Next time I attend the show, hopefully I could go backstage or into the director's booth. I've been into production booths before, but this one would be a very special place. (Heck, with BriteBlox, maybe I could pay for that product to be on the show and sit in the VIP seats. :-P) So many great shows have taped at that studio. To this date, I haven't returned to LA, but have attended a couple "live" shows -- one at Bally's in Vegas in 2008 with David Ruprecht, and the other this past November in Dallas with Jerry Springer. Jerry was truly a riot, and was real charming with the contestants. He didn't dwell a whole lot on the Jerry Springer show, but made some funny comments about politics in front of a very red-leaning audience, and made fun of a contestant from Oklahoma (because he knows Texans always like to make fun of Oklahomans). I miss that level of personal interaction, and could really see a glimpse of Bob in Jerry's hosting.
What did this mean for me while a student?
The front page of my regular website (shameful now that I'm a professional :-P) features a couple stories that some of the Northwestern journalists wrote about me & The Price is Right on slow news days:
- 2007 - http://dailynorthwestern.
com/2007/01/31/archive-manual/ the-price-is-righteous/ (This was when we were making first preparations for our trip)
- 2009 - http://www.
northbynorthwestern.com/story/ come-on-down-stephen-wylies- price-is-right-obsessi/
On a campus of roughly 8,000 undergraduates, even coming from all sorts of countries, backgrounds & pursuing totally different activities & majors, you can get a reputation for your personality pretty quickly. It can feel a bit incestuous* at times when you keep seeing -- not just seeing, but forced to do activities on a regular basis with -- a small group of people. Forget the six degrees of Kevin Bacon, it's more like the two degrees of the person sitting next to you at the dining hall that you'd never guess knows half the campus. I'd say quite a few folks were aware there was a kid on campus with a huge TPIR obsession; some even knew who I was! What was really creepy was when girls I dated ran into each other at random in a big group meeting and I'd come up in conversations, with them not knowing that they both went out with me at different times. Not that I'm that narcissistic; I wasn't even present in the room to steer the conversation to the topic of me, it just happened (at least once...that I know of). Oh well, it's better than being known as a harlot or something scandalous. :-)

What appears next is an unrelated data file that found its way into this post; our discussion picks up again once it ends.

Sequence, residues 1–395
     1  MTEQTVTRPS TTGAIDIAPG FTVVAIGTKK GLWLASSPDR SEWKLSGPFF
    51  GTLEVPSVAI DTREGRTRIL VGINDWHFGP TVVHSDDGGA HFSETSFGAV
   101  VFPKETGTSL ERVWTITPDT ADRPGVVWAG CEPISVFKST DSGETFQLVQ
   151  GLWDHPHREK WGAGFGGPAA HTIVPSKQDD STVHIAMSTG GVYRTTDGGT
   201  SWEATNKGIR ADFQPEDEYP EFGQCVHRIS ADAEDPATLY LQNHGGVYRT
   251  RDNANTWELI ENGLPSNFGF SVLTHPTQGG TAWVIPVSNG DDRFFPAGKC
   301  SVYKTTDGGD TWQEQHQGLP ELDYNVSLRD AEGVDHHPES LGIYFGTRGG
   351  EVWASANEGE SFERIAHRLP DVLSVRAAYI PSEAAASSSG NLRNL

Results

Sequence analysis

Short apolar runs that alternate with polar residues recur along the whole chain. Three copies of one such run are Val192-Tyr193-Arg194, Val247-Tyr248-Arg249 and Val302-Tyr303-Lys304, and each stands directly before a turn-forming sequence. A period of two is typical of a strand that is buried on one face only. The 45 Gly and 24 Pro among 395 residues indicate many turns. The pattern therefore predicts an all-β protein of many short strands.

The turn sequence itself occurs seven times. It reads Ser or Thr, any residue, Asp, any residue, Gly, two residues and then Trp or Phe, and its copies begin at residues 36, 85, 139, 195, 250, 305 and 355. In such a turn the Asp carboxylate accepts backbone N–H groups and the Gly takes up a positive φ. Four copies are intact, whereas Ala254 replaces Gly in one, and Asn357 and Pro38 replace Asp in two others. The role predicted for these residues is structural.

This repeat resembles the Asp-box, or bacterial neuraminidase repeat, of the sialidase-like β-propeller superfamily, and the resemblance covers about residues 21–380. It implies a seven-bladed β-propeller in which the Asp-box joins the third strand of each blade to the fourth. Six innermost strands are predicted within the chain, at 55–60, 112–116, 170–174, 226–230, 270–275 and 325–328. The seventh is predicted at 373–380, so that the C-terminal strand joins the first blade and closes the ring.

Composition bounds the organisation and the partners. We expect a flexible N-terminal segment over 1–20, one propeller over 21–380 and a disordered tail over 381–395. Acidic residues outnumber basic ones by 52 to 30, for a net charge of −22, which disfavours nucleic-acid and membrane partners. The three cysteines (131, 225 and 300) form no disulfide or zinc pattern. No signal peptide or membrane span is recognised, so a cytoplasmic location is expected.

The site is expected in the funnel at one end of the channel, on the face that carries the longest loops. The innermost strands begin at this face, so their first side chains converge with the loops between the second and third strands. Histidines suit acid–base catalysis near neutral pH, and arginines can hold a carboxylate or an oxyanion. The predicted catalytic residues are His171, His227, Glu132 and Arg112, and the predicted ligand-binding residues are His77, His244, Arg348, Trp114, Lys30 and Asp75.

* Incestuous, let me clarify that: At the time, I was dating a girl from ΣΑΙ, and when her sorority sisters would ask me "How's ΦΜΑ?", the fraternity with which they exclusively and frequently did activities, I would tell them I wasn't in ΦΜΑ and their heads would start spinning. :-P In fact, many of the people on the Price is Right trip were members of ΣΑΙ and ΦΜΑ, and/or in the marching band (NUMB). In addition, my wife (yes, @DoesItPew, of Android fame) happened to be in NUMB for a year (plus other orchestras and choirs), but was in a different sorority and did not go on the trip with me. Thus, it was hard for me to avoid musicians while at Northwestern!